Richard Nixon's lesson: Good PR never trumps bad policy

President Richard Nixon delivering his State of the Union Address to Congress, Jan. 30, 1973.
AFP / Getty Images

Shakespeare's Mark Antony said, "The evil that men do lives after them, the good is oft interred with their bones."

Generation after generation of Washington press agents have tried to change that while their bosses were still alive. Mostly they failed.

This 40th anniversary weekend of Richard Nixon's resignation is a good time to bring it up because the Nixon Administration invented modern political public relations -- the photo ops, the limited access, the attempts to control the news. So much of it goes back to the Nixon operatives.

Every president since has tried to refine the techniques -- the staged photos, keeping a distance from reporters, speaking in gobble-de-gook -- as they tried to manipulate the narrative.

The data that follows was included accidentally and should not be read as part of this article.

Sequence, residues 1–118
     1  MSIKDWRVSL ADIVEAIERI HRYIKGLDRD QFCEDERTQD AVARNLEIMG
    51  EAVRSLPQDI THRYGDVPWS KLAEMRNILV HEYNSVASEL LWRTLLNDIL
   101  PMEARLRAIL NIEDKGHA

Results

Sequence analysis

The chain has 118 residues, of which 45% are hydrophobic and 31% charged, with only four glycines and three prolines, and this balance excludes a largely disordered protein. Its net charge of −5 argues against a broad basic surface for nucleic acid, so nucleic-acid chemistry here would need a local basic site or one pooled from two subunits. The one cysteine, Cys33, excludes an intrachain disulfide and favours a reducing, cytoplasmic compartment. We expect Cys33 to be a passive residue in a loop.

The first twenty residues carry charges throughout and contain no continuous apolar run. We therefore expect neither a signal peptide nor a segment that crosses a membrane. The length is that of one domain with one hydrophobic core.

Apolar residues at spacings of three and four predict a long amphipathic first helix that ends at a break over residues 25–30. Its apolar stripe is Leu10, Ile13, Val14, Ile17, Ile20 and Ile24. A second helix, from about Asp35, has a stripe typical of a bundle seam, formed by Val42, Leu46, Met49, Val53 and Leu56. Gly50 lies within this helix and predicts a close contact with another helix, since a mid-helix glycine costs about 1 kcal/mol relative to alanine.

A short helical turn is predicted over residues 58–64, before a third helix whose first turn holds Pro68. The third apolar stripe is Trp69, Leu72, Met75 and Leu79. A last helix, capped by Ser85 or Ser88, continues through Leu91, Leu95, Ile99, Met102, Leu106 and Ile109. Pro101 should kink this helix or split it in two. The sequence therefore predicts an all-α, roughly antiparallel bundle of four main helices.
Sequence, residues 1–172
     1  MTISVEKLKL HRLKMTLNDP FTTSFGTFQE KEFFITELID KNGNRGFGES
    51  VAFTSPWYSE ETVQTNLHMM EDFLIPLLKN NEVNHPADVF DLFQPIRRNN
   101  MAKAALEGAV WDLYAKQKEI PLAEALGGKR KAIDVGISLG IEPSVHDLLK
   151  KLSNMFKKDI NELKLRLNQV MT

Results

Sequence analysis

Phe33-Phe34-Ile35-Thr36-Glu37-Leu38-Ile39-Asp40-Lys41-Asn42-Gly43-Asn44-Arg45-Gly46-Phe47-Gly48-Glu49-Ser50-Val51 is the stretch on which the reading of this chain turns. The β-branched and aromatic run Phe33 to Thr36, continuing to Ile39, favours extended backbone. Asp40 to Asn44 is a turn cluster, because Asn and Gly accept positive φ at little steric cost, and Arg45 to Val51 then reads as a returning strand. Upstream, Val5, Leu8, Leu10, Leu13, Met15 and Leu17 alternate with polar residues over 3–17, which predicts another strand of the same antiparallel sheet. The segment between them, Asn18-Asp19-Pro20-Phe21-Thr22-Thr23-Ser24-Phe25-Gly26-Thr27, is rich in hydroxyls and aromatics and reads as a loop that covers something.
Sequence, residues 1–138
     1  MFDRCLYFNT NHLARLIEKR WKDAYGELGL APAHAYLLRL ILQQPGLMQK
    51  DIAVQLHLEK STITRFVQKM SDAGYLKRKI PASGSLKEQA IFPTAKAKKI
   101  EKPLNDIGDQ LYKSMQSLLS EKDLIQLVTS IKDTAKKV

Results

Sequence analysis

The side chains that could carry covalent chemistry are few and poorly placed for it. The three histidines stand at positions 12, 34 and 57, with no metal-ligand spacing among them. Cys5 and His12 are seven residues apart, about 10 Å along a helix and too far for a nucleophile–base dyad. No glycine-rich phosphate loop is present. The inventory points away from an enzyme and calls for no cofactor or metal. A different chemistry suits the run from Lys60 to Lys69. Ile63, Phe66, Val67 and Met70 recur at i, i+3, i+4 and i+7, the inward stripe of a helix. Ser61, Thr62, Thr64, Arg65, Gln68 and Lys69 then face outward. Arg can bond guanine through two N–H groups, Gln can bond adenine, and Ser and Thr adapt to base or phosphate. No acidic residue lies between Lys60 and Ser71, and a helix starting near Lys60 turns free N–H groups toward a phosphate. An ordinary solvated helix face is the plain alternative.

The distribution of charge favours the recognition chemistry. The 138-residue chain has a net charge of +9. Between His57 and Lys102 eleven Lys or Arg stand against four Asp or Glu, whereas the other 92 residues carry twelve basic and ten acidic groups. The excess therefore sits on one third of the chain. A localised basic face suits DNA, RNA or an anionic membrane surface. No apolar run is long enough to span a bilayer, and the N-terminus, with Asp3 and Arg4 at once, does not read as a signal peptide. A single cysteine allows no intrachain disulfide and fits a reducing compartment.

As I watched the current administration bar the press from some of Secretary of State Kerry's appearances at the recent Africa conference -- were they worried he might be asked a question about the Ebola epidemic? -- it reminded me that most of the time the press agents learned the wrong lessons from the Nixon folks, and Nixon himself provides the perfect example of why.

Richard Nixon's opening to China and his arms control efforts with the Soviets live after him as remarkable achievements. As his attempt to undermine the constitution lives on as a dastardly deed.

The lesson Washington never learns is that good public relations never trumps bad policy, nor can good policy ever be undermined by bad PR. Most of these modern public relations operations are a waste of time. Better to concentrate on policy.

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    Bob Schieffer is a CBS News political contributor and former anchor of "Face The Nation," which he moderated for 24 years before retiring in 2015.